Thursday’s election saw the Labour Party lose all three parliamentary seats in Brighton and Hove, seats they won in 1997 and held in the subsequent two elections.
The results were close, but not close enough. These defeats come on the back of devastating local elections in 1998. The Party now faces further humiliation next May when all seats on the City Council are up for election.
So where now for Labour? The three candidates, the impressive Nancy Platts, the demoralised Simon Burgess, and the determined Celia Barlow, will no doubt be extremely disappointed. All three have worked hard, and when selected would have had reasonable expectations of winning. Nancy was unfortunate to be up against Caroline Lucas in an historic election and breakthrough for the Green Party. Simon lacks the killer instinct to win, and (unlike Nancy) was unable to inspire enthusiasm amongst his supporters. Celia’s fighting instinct came through to limit the Tory majority to just 1,868.
In Brighton Pavilion, Labour risked its reputation and credibility going all out in saying that th Greens could not win. They were wrong and those who remained with Labour because of this tactic will be unlikely to stay with Labour when they really wanted to vote Green.
The reaction of local Labour leaders shows the Party in a poor light, and is unlikely to win it friends amongst those Labour and Green voters whose loyalty Labour needs to retain. Leader of the Labour Group on the City Council, Gill Mitchell, is quoted as this being “get real time” for the Greens. She claims that Labour will be building on the electoral base and that Labour has “strong local representatives who will get things done in the council”.
Who does she think will be believing her dillusional thinking at this time? The Greens have so much momentum going forward, and the Green councillors (of whom I have been quite critical) are, member for member, far more impressive than their Labour opposite numbers. If Labour want to make a positive impression locally, they need to have leadership that can inspire, rather than this tepid lot who are yet to recover from 2008 rout.
Labour are in danger of coming across as poor losers. Former Brighton Pavilion MP, David Lepper, could not have been less magnanimous in the face of his Party’s defeat. He said: “I believe it is a good move for the career of Caroline Lucas but bad for the party across the city. I think they expected to win by more votes and citywide they came fourth. With a hung parliament, a new election could be only six months away and Caroline will have to defend a very small majority of 1,200″.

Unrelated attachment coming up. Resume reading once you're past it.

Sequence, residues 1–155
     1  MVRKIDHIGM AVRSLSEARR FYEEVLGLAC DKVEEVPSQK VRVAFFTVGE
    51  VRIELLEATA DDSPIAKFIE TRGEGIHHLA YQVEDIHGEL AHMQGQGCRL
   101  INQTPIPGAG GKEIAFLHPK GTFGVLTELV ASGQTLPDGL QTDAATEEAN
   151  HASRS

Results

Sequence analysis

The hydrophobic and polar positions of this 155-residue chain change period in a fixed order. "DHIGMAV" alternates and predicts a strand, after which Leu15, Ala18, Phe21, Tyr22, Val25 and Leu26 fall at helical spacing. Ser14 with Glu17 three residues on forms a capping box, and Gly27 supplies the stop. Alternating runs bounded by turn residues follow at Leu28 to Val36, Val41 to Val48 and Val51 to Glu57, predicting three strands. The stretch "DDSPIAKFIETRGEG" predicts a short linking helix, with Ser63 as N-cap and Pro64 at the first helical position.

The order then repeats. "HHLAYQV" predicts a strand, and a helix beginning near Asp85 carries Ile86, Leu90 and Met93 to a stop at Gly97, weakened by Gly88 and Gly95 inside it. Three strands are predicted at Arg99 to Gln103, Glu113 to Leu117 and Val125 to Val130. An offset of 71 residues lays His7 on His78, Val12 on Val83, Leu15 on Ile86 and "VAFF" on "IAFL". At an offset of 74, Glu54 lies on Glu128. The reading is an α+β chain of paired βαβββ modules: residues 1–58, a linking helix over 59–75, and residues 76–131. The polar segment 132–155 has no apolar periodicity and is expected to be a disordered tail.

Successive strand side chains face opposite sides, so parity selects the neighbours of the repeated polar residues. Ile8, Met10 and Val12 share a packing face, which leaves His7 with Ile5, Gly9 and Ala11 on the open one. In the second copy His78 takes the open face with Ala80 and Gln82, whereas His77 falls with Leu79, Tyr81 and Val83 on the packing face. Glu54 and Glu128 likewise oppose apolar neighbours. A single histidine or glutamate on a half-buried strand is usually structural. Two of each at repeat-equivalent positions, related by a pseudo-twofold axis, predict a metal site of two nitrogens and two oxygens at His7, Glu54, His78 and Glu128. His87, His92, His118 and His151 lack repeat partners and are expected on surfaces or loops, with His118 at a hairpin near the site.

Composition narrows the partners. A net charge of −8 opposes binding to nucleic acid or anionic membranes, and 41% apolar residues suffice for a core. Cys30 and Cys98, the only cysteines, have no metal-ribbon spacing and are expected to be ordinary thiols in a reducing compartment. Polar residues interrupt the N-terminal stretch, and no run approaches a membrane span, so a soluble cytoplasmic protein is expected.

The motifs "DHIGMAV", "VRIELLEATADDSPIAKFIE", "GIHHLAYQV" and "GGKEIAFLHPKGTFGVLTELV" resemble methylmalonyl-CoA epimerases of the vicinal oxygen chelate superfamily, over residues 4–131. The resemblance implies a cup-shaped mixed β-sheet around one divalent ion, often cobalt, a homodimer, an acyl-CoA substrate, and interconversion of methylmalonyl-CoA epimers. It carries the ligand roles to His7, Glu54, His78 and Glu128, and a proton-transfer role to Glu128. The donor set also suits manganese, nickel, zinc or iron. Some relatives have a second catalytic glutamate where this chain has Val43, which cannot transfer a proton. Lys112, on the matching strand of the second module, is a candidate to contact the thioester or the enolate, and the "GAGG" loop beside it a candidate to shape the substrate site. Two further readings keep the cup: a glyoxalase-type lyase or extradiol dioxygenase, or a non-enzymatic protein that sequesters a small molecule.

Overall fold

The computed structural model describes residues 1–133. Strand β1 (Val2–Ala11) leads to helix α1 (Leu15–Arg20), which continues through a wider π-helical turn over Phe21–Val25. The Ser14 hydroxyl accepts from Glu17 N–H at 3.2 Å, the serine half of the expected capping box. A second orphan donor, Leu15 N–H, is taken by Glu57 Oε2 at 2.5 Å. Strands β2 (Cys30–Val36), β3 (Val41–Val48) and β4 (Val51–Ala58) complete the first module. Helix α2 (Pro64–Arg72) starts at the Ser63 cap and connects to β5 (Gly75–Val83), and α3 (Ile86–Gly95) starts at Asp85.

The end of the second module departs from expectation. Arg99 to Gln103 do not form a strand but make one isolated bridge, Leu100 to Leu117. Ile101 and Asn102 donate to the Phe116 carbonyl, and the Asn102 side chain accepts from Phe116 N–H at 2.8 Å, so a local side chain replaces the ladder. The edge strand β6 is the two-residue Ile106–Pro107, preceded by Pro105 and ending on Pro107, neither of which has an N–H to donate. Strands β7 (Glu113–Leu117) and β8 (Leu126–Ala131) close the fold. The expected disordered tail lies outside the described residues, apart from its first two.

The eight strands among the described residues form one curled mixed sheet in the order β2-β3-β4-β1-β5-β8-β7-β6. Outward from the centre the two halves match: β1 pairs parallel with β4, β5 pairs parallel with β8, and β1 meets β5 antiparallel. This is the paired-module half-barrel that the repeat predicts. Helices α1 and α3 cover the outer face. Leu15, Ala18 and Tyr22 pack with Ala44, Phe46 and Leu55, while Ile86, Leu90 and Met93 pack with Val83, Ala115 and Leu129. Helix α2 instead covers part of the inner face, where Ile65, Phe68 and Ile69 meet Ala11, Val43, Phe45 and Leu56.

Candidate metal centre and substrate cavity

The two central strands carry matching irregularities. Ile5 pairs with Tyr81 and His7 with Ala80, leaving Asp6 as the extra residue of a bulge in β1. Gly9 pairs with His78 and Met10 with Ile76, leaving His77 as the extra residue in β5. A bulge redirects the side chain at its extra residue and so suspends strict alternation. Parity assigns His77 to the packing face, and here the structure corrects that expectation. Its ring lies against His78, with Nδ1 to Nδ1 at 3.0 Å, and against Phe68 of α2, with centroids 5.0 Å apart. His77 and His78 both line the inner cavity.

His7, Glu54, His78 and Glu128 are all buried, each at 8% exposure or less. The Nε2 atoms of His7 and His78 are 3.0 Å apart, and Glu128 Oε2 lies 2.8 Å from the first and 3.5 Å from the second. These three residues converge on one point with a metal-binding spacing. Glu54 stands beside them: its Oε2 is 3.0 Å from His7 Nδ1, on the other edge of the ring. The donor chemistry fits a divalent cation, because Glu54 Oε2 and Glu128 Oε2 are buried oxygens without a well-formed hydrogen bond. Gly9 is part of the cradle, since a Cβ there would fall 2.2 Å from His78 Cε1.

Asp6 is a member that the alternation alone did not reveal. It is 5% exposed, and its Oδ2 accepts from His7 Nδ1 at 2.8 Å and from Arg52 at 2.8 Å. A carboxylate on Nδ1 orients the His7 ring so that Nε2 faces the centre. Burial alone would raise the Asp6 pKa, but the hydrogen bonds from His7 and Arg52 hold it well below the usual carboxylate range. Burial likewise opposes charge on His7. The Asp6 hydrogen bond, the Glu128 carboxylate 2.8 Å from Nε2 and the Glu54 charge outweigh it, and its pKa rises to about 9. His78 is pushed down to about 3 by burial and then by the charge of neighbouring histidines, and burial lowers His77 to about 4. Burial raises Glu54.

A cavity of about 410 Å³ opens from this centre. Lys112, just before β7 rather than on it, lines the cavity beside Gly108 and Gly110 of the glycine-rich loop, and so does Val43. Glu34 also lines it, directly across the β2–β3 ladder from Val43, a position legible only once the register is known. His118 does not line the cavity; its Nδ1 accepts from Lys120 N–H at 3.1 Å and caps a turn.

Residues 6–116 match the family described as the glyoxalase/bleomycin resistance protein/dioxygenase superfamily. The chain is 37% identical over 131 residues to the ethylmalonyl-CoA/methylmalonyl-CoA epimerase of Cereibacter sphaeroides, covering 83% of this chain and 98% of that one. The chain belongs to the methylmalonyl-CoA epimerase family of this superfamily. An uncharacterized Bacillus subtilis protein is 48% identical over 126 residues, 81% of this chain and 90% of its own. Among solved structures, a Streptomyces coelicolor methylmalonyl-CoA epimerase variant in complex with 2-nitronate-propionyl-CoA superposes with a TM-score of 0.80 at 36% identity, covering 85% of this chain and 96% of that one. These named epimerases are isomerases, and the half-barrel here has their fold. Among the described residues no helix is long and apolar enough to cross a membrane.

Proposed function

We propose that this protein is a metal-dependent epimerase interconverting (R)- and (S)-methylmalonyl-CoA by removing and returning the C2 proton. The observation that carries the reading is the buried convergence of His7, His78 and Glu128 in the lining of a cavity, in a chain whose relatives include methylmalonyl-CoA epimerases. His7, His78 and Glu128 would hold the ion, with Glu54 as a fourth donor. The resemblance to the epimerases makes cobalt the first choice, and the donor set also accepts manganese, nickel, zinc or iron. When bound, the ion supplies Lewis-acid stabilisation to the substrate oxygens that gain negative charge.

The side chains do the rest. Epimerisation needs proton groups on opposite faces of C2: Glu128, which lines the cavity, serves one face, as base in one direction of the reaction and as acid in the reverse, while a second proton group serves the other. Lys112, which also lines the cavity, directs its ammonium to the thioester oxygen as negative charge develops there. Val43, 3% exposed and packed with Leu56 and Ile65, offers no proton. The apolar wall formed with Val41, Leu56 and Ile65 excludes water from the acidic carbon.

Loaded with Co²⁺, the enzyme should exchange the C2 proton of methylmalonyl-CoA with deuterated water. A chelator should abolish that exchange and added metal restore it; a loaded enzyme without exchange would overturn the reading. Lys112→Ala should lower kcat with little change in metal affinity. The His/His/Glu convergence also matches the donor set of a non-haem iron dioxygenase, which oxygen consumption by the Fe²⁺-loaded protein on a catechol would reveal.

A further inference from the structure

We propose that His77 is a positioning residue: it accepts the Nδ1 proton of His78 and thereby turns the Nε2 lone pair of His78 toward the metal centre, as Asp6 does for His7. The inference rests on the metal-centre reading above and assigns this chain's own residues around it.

I disagree with his bitter analysis. Regardless of the majority, the Greens won and he should have acknowledged the Green’s historic breakthrough. Should there be a second election later this year, I would predict a majority of 5,000 plus as scores of Labour voters vote for the policies they support – those of the Greens.
I was most disappointed at Mr. Lepper’s snide comments regarding Ms Lucas’ personal abilities: “I also think she will find the transition from MEP difficult and has to from the politics of grand gestures to the politics of everyday problems”.
Such bitterness is hardly going to inspire traditional Labour supports (like me) to return to Labour. Faced with a choice of a party full of sour recrimination, or a party which is full of confidence (and which is opposed to Trident), the choice is not that difficult.
Labour needs to get its act together. At the next election, I want to see a Labour victory, and from Brighton and Hove I want to see two Labour and one Green MP’s returned. To my Labour friends I would say, have a moment to mourn your defeats, but then come out fighting. The opposition for many of us is the Tories. You seem to think it is the Greens. Continue like that Labour will be all but wiped out in Brighton and Hove next May.
Filed under: Council Elections 2011, General Election 2010, Politics | Tagged: Caroline Lucas, Celia Barlow, David Lepper, Gill Mitchell, Green Party, Labour Party, Nancy Platts, Simon Burgess | 20 Comments »